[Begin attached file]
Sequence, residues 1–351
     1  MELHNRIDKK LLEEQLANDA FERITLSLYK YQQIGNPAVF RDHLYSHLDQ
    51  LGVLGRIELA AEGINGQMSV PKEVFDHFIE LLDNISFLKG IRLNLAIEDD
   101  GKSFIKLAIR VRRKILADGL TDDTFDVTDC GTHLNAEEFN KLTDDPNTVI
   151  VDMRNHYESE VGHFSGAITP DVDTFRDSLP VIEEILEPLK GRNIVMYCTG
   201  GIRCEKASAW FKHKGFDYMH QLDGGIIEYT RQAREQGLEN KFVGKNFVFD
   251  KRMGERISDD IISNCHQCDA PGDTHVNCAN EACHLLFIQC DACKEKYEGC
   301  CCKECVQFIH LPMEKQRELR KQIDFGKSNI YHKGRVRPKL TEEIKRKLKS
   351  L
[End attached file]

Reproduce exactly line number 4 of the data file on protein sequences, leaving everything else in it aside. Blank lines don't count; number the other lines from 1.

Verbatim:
   101  GKSFIKLAIR VRRKILADGL TDDTFDVTDC GTHLNAEEFN KLTDDPNTVI